Gambino is a second cousin to well-known Jackson resident Mike Gambino, who retired last year as superintendent of the wastewater department for the City of Jackson, and is active in many civic and community events and organizations, including the Jackson Area Kiwanis Club. 
“I met him two years ago when he was looking for a place to stay when he had a show at a church in McArthur,” Mike Gambino noted. “We showed him the Markay and he loved the acoustics so we started asking people at the Markay what it would take to get him booked there, and two years later he got a booking.”
Advance tickets for the Justin Gambino concert are available for $15 each, or $17 day of show. Doors will open at 2:30 p.m.
Meanwhile, one of the Markay’s biggest entertainment draws, Elvis Tribute Artist Dwight Icenhower, will return for a concert on Saturday evening, July 6. His two previous Markay concerts were sellouts and there are not too many tickets remaining for his upcoming performance.
Those who are drawn to live theatre will want to circle the dates of Saturday and Sunday, May 11 and 12 when Apple City Players present the comedy play, A Handful of Rainbows. Performances are scheduled for 7 p.m. Saturday and 3 p.m. Sunday and tickets are now available, $15 in advance and $17 on the day of the shows.
Rehearsals are already underway with David Warner serving as the director and Frances Gibser as a key assistant. The cast includes: Laura Miller, Laura Fain, Cynthia Stiffler, Doug Sharp, Matt McKee, Adam Hollingshead, Sue Nelson, Mary Bracey, Jeremy Harley, and Evelyn Harley.
As for the current art exhibit in the gallery, the “New Direction in Art” exhibit featuring University of Rio Grande, will continue through this Sunday, April 14. The next exhibit, featuring the artwork of accomplished artist Gerry Enrico, will be unveiled at an opening-night reception on Thursday evening, April 18.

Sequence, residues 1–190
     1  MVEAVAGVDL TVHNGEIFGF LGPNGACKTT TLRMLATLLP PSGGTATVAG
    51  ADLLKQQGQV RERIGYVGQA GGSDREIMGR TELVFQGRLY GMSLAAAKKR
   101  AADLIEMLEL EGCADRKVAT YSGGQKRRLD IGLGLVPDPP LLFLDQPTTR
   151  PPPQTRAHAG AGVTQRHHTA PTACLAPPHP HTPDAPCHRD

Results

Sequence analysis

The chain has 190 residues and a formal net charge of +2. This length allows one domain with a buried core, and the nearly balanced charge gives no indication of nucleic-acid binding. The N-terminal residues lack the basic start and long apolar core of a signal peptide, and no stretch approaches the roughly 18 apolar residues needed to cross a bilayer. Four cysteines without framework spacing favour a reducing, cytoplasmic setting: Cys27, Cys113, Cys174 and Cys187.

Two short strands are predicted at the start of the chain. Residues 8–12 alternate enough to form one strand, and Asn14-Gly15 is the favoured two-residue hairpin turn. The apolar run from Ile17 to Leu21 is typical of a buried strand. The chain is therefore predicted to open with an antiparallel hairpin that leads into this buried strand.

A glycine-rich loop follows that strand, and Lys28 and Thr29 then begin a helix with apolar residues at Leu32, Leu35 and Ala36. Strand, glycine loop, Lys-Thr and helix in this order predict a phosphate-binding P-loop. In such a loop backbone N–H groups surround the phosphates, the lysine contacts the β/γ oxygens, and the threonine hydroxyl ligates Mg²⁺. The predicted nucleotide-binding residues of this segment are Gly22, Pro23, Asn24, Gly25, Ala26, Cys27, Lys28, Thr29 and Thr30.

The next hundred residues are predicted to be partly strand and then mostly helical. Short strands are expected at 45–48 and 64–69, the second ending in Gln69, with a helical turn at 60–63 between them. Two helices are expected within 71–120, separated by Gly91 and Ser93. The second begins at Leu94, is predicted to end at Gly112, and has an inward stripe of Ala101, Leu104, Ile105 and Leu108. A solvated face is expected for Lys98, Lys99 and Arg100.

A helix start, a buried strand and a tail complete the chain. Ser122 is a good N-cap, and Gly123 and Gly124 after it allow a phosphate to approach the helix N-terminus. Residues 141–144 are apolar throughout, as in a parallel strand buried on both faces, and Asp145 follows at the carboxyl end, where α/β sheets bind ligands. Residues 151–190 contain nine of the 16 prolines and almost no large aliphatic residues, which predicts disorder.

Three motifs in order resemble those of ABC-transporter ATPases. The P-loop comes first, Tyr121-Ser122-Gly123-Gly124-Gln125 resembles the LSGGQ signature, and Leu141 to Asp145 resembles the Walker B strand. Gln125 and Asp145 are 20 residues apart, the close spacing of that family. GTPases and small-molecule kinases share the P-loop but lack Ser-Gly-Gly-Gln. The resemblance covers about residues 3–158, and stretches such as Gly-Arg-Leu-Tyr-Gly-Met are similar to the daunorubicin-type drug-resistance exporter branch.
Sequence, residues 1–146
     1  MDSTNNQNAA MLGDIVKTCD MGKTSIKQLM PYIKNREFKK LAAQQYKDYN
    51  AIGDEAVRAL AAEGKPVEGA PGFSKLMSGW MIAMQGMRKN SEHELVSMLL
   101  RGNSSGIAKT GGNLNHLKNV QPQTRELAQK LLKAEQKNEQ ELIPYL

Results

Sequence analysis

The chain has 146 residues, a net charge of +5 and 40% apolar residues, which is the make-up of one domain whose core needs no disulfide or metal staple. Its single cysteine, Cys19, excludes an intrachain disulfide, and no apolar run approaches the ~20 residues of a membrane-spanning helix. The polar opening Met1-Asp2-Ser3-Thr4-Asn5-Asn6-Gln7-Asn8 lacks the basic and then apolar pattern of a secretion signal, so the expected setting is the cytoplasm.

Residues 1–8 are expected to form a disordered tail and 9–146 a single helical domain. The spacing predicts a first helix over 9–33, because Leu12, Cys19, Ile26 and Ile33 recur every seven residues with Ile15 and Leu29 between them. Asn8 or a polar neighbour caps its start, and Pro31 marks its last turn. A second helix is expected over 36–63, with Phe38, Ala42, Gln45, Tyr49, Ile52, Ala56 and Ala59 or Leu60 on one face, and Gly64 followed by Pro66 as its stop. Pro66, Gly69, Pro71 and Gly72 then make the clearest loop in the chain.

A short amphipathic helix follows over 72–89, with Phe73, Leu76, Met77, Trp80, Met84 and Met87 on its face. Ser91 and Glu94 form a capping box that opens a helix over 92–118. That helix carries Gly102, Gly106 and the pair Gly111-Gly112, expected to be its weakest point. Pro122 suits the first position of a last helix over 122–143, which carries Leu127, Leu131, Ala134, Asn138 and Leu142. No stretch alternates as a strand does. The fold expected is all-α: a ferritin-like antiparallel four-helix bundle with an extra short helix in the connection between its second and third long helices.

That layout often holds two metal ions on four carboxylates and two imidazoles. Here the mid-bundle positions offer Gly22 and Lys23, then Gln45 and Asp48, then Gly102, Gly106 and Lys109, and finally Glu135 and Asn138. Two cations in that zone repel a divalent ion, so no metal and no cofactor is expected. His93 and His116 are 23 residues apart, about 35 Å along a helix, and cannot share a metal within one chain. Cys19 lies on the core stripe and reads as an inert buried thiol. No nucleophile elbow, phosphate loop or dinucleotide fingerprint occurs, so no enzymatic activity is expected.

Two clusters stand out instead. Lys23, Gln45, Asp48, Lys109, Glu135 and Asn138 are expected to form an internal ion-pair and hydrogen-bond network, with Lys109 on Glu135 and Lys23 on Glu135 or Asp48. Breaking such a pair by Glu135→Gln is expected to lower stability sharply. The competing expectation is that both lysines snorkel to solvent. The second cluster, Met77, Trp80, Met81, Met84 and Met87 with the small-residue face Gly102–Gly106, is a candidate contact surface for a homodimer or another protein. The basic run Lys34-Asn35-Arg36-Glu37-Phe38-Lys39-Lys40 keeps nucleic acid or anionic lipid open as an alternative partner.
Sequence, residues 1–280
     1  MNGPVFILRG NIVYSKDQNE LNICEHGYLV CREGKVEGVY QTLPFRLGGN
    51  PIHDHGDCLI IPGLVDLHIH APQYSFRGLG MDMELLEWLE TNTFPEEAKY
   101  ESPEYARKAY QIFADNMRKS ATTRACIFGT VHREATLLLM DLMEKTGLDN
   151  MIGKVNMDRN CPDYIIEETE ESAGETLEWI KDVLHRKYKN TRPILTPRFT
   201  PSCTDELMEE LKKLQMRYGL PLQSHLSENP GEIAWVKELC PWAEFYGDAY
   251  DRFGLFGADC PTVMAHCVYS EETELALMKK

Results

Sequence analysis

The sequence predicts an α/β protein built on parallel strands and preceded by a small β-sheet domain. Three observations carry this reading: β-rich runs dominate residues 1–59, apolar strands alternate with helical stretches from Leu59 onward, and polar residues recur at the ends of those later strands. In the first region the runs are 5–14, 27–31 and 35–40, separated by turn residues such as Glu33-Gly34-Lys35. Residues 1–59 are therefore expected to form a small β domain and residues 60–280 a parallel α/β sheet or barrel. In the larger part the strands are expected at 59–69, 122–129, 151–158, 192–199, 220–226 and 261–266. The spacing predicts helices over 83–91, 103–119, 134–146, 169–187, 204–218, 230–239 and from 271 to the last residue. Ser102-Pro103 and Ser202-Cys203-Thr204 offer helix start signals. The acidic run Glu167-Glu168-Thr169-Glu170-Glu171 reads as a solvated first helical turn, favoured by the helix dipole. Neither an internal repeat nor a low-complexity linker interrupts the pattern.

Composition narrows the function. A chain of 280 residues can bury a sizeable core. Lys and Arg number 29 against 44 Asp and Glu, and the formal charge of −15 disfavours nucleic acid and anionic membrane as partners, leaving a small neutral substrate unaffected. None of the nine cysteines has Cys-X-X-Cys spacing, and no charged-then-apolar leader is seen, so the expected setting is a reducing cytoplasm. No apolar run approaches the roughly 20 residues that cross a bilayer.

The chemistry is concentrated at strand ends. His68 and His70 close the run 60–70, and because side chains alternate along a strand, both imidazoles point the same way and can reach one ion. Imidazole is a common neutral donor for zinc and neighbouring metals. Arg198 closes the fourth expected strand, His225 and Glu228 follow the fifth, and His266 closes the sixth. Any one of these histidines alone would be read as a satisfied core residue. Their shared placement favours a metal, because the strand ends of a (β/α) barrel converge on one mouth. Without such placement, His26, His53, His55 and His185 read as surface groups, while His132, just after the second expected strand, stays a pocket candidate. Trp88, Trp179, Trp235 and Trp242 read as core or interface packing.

The Markay, of course, is operated by the Southern Hills Arts Council (SHAC), a non-profit board manned by many hard-working volunteers who are dedicated to promoting and presenting the arts in Jackson County. Total Media’s own Cortney Leach took over as board president at the beginning of the year. 
Carma Baker resigned as director of operations earlier this year and that position will remain unfilled for the time being with other staffers and board members stepping up to help fill the void. However, SHAC has brought on a grants-writer to help with the ongoing need to pursue funding support.
The Markay also presents classic movies from yesteryear, which are shown free, thanks to the sole sponsorship of Nea Henry and Appalachia Realty. The Goonies will be shown on Saturday, April 20, at 3 p.m. and 7 p.m. The Marx Brothers’ Duck Soup is scheduled for Saturday, May 25, also at 3 p.m. and 7 p.m.
While it was a mammoth and costly achievement to renovate the Markay and its auditorium, it also requires a major investment to operate the facilities. Ticket sales only cover about 40 percent of the operating costs; therefore, the remaining 60 percent must come from contributors in order to keep the doors open and offer the best attractions possible. For more information on how to support the Markay and SHAC financially or as a volunteer, check out the webpage at www.markayjackson.com. You can also access information by following the Markay on Facebook.
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That’s About It… Be Seeing You.